5. The early forms and sets are relatively simple to make it possible for anybody to learn them, and to establish foundations that can be built on later. However, doing a really good Short 1 is just as difficult in its way as doing any of the, "advanced," forms--for beginners, Short 1, 2, etc. are usually on the fringe of their abilities and knowledge just as the, "higher," forms are for, "more advanced," students. What's more, doing Short 1 well is just as difficult as making a really good vanilla ice cream. It is a common mistake for people not to know this, and so once they're, "finished," with the early material, they drop it altogether--a worse mistake, I believe.

    6. These rushes into, "more advanced," material taught, "more efficiently," are directly tied to a consumerist society that promulgates the fantasy of assorted get rich quick schemes at every level.

    7. If you really want to think that Ed Parker, and the people around him, either didn't know what they were doing, or were simply less-advanced in knowledge than today's martial artists, mazeltov. If you really want to think they knew everything, mazeltov. It's a lot more complex than that.

    8. Of course there are a few martial artists who can afford to skip over a lot of the developmental stages. They are extremely rare...for the same reasons that even Mozart got endlessly drilled by his dad. If you talk to martial arts (in any style) that you respect, you usually find out that they spent endless hours in, "boring, repetitive," practice, and their strength, their creativity--and their discipline--flowed from that, "boring, repetitive," work.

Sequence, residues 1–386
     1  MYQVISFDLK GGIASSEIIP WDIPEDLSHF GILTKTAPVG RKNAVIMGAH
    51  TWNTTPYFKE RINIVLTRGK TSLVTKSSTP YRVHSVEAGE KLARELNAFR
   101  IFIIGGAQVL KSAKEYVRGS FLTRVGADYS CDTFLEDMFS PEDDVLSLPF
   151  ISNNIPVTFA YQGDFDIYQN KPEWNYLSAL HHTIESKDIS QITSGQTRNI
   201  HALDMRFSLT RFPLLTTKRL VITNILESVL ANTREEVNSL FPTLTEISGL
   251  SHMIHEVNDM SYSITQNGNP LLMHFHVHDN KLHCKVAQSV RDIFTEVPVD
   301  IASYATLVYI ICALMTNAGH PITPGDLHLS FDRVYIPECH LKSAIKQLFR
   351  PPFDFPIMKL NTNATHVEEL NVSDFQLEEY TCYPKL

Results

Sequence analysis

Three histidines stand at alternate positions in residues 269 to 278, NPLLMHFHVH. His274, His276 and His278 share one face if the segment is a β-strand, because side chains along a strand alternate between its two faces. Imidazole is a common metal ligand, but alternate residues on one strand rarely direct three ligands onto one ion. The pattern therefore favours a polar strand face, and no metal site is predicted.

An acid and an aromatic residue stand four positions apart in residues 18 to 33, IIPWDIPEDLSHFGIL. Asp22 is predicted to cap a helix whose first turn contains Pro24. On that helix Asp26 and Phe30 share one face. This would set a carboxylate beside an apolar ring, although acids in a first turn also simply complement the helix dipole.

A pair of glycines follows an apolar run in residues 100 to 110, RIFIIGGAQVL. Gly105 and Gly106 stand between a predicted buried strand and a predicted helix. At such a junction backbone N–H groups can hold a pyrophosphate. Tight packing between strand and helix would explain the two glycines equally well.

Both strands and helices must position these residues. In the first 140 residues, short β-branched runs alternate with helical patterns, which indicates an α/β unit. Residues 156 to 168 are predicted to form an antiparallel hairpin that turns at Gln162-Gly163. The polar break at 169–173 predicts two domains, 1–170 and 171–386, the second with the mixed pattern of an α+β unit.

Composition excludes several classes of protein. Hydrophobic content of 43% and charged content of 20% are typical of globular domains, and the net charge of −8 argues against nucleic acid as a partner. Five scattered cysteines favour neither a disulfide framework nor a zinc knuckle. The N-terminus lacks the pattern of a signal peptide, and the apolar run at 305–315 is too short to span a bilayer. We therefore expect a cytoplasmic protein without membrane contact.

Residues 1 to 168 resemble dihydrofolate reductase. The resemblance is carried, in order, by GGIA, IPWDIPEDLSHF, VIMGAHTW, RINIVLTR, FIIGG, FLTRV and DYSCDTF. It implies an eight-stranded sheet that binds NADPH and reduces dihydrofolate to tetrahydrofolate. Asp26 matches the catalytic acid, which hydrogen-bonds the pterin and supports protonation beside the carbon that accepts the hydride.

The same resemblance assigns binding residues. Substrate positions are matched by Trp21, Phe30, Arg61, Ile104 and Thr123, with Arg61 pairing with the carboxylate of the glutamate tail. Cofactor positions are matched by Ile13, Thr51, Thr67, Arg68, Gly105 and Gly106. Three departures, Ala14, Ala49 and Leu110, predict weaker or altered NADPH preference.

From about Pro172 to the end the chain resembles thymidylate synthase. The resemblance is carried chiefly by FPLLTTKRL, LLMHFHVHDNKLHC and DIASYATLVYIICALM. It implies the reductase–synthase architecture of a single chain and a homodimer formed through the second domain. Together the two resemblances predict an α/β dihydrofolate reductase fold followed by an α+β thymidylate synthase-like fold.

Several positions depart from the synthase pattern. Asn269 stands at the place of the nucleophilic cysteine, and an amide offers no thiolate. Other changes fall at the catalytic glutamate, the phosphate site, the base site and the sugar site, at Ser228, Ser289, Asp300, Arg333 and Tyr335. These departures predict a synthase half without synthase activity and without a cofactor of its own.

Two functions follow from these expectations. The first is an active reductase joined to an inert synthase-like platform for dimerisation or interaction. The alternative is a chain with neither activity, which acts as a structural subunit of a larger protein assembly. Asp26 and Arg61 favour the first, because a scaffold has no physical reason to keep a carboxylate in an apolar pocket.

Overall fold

9. I've no idea if the, "new," material is an advance or not. So far, though, the arguments in its favor are very old-hat. And this demand for, "evolution," is something every good martial artist feels, or ought to--as is the demand for going back to beginnings, to origins, to tradition.

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    Default Re: Forms Question?

    My 2 cents..

    I personally like forms because they teach flow between different techniques. Sometimes I find how a particular technique fits into the form works better for me than the full technique (if that makes sense).
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    Default Re: Forms Question?

    Quote Originally Posted by Fastmover
    No disrespect taken, I appreciate your thoughts.

    Does one need 10 different forms to learn how to defend themselves? To learn proper body mechanics? Can not the elements and principles that these forms teach be combined so that the student can progress much quicker?

    I will give a couple of examples:

    1. The AKKI no longer has a Formal Stance Set. However the elements of Stance Set has been combined with Knife Dexterity Set.

    2. The AKKI no longer has Blocking Set. However it has been added to become an opening to Form 1. The AKKI no longer has Striking Set 1 & 2. Instead it has been added to our Form 2.

    3. It has been discussed in another thread that Kicking Set teaches one the uses of centerline. Even though the AKKI does not have kicking set; we do have a two man set called Centerline Set.

    4. Our From 2 combines the elements of Stricking Set 1 & 2, Short From 2 and Long From 2. Along with the AKKI's master key timing patterns.

    5. Even though the AKKI only has a couple of Forms there are different versions of the same forms. As one progresses in skill so should the level of their movement. Therefore, there is a colored belt version of Form 2 & 3 and also a black belt version were one learns to take print movement and convert it to a much more flowing cursive movement. Our Form 3 has the elements of the Epak Form 6. Plus the student is getting this tool much earlier in their training, not years down the road.

    Again just a few examples but I think you will find that our Forms and Sets still incorporates and much more efficiently teaches the principles of Kenpo, plus as stated in most cases they are given these tools much earlier in the game. This way they can get on to doing Knife and Stick Set. How many years has an EPAK student trained before they get Long 7?

    I do NOT think by asking these questions and creating new methods is being disrespectful to Mr. Parker!!!!!!!! If so then he was pretty disrespectful to his former instructors for changing many things.

    I think it would be much more disrespectful to be bound by tradition.
    Now I understand your total view point and I agree with your ideas.